So what: The company's stock really shot up at the start of the month, but there wasn't a lot of news at the time that can explain such a big rise. Perhaps investors were anticipating good news on the company's earnings call and were building a position ahead of time. It's also possible that short-sellers were in profit-taking mode after the stock's plunge in April on the news that the FDA had rejected its 510(k) submission for its SurgiBot System.
Regardless, shares spiked to start out the month, but then fell in the wake of the company's first-quarter earnings report. TransEnterix showed a comprehensive loss of $9.1 million for the quarter, but if you adjust for taxes and currency movements, the loss would have ballooned to $14.9 million.
Financials aside, the reason that the stock fell was most likely because the company announced that it would be shifting its focus away from the SurgiBot system and would instead put all of its efforts behind the ALF-X system. Management stated that the company was letting go of some of its SurgiBot staff in an effort to save money, and that it remained on track to have the ALF-X system in the FDA's hands before the end of the year.
This news represents a major strategy shift for the company and likely took many investors by surprise. After all, the major bull case for owning TransEnterix's stock was that its SurgiBot system offered hospitals an equally capable robotic surgery system for a much lower upfront cost than the market leader, Intuitive Surgical's (NASDAQ:ISRG) da Vinci Surgical System. Right now it's unclear if the company's ALF-X system holds the same kind of appeal, especially since the system has been available in Europe for several years and has failed to gain mass adoption.
Still, even with shares taking a step back after the announced strategy change, the company's stock managed to produce an impressive gain during May. Of course, the picture doesn't look quite as rosy if you look at the year-to-date results.
Now what: Despite the setback, TransEnterix continues to move forward, and it recently announced a big hire. Dr. Theodore Pappas has joined the company as its new senior surgical officer. Dr. Pappas is an accomplished surgeon from the Duke University Health System with over 30 years of surgical experience under his belt. He has also co-authored hundreds of peer-reviewed papers and mentored hundreds of surgeons, so hiring Dr. Pappas is likely to be a big win for the company. His role within TransEnterix will be centered on developing a future clinical and regulatory strategy.
I think this was a smart hire, and it lends the company a lot of credibility, but even with a renowned expert on staff, the company is still facing an enormous uphill battle. After all, Intuitive Surgical isn't exactly standing still, and it's had no problem competing against the ALF-X system thus far.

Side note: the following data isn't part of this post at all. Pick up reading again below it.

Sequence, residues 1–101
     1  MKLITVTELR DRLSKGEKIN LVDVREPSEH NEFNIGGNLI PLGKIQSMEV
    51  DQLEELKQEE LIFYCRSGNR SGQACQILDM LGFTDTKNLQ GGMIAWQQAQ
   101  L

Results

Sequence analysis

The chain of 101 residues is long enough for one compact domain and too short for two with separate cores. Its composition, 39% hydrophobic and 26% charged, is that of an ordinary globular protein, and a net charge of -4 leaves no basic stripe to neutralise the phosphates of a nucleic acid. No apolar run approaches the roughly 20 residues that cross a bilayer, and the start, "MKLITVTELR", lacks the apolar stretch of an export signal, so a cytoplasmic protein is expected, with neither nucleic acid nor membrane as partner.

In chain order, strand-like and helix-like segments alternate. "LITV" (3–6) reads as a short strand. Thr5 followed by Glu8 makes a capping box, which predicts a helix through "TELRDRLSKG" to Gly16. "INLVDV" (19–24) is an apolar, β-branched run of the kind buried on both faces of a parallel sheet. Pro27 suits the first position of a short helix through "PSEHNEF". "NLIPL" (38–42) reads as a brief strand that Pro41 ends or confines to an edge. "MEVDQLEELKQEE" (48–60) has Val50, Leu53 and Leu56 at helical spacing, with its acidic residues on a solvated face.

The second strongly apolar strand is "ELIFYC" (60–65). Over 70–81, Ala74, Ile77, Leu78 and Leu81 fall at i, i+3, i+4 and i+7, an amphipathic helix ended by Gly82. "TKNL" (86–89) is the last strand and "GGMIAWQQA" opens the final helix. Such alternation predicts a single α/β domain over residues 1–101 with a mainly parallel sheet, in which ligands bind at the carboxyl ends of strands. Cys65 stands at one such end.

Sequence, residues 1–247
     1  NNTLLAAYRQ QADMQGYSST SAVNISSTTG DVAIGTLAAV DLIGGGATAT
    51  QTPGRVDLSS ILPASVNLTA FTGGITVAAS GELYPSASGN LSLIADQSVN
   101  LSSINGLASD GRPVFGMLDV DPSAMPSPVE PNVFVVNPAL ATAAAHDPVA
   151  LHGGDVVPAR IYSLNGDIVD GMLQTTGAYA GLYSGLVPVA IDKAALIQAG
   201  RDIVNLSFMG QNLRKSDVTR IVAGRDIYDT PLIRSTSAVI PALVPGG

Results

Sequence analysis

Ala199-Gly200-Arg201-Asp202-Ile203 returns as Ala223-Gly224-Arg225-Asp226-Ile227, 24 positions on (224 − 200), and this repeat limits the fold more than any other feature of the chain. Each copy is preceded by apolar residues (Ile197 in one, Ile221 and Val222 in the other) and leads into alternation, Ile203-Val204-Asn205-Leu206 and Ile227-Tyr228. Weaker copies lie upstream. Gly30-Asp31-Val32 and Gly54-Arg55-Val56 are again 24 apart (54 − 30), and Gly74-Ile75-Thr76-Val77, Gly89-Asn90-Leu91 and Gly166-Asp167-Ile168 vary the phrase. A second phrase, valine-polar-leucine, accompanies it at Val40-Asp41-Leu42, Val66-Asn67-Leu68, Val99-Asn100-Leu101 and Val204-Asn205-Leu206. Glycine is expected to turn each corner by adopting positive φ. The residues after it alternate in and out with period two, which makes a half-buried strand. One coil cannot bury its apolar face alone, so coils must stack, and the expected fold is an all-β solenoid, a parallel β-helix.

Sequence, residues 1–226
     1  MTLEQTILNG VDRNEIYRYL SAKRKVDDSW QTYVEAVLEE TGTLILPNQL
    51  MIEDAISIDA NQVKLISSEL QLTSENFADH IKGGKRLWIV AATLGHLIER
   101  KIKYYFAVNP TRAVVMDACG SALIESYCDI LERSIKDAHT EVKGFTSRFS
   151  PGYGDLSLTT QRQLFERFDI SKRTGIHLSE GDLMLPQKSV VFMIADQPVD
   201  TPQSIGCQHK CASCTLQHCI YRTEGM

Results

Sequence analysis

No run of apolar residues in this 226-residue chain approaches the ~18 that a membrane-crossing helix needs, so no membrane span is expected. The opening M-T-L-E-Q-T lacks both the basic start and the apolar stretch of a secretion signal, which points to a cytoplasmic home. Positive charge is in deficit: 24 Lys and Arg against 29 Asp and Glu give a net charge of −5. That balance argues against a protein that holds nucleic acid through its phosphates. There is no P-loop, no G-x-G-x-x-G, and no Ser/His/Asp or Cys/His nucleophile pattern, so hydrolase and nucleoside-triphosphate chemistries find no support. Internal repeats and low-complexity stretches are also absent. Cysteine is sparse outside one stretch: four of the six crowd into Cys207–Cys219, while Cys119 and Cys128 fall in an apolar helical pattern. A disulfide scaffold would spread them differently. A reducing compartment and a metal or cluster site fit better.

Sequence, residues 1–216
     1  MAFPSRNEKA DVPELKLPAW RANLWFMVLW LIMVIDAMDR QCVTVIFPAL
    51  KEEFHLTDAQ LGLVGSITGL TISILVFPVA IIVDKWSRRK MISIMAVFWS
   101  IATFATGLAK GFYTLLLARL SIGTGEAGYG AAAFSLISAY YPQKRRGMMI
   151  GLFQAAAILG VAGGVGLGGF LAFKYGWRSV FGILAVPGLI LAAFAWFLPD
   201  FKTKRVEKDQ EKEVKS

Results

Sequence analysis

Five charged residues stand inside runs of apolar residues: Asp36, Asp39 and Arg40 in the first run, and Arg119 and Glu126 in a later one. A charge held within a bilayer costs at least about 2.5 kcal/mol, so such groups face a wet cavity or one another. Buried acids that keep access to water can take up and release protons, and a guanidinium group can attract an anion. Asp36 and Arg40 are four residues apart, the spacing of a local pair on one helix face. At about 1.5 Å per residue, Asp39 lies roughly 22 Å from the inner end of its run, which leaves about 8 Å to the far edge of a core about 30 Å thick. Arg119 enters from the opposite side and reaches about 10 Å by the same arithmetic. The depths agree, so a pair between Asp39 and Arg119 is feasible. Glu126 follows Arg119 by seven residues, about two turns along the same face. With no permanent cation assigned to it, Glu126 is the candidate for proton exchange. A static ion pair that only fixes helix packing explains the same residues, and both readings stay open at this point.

During TransEnterix's conference call with investors, CEO Todd Pope also gave investors a look at just how far Intuitive Surgical is willing to go to maintain its dominant market position:
We have, however, been somewhat surprised by the competitive response, which has included withdrawing their high-end platform and substituting refurbished older technology at a highly discounted price.
If Intuitive Surgical is offering refurbished systems at a low price point, then TransEnterix is likely to have an extremely hard time selling its ALF-X system. After all, Intuitive Surgical is already highly profitable, and it has more than $3.8 billion in cash on its books, so it can easily afford to sell its used systems at a big discount. That's especially true when you consider that the majority of its revenue comes from its high-margin disposable instruments and service contracts business, so giving a discount on the system's price makes a lot of sense in order to lock up customers.
TransEnterix, on the other hand, cannot say the same. A recent share offering has pushed the company's cash balance to about $75 million as of the end of April, but that will only be enough capital to fund operations through the third quarter of 2017. Intuitive can easily afford to keep the pricing pressure up until then.
Now that all of TransEnterix's eggs are in the ALF-X basket, I personally have a hard time believing that this company has a realistic chance of success. While this is a fascinating story to watch unfold, until we see the company make meaningful financial progress, I think that skepticism from potential investors is warranted. For that reason, I continue to believe that investing in Intuitive Surgical is the far smarter way to play the robotic surgery trend.
The Motley Fool owns shares of and recommends Intuitive Surgical. Try any of our Foolish newsletter services free for 30 days. We Fools may not all hold the same opinions, but we all believe that considering a diverse range of insights makes us better investors. The Motley Fool has a disclosure policy.